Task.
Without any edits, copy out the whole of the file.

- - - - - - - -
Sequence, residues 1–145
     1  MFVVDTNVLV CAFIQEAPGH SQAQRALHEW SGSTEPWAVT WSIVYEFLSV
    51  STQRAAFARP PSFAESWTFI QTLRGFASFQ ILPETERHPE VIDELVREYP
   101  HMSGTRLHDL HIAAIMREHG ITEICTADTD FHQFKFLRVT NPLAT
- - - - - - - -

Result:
Sequence, residues 1–145
     1  MFVVDTNVLV CAFIQEAPGH SQAQRALHEW SGSTEPWAVT WSIVYEFLSV
    51  STQRAAFARP PSFAESWTFI QTLRGFASFQ ILPETERHPE VIDELVREYP
   101  HMSGTRLHDL HIAAIMREHG ITEICTADTD FHQFKFLRVT NPLAT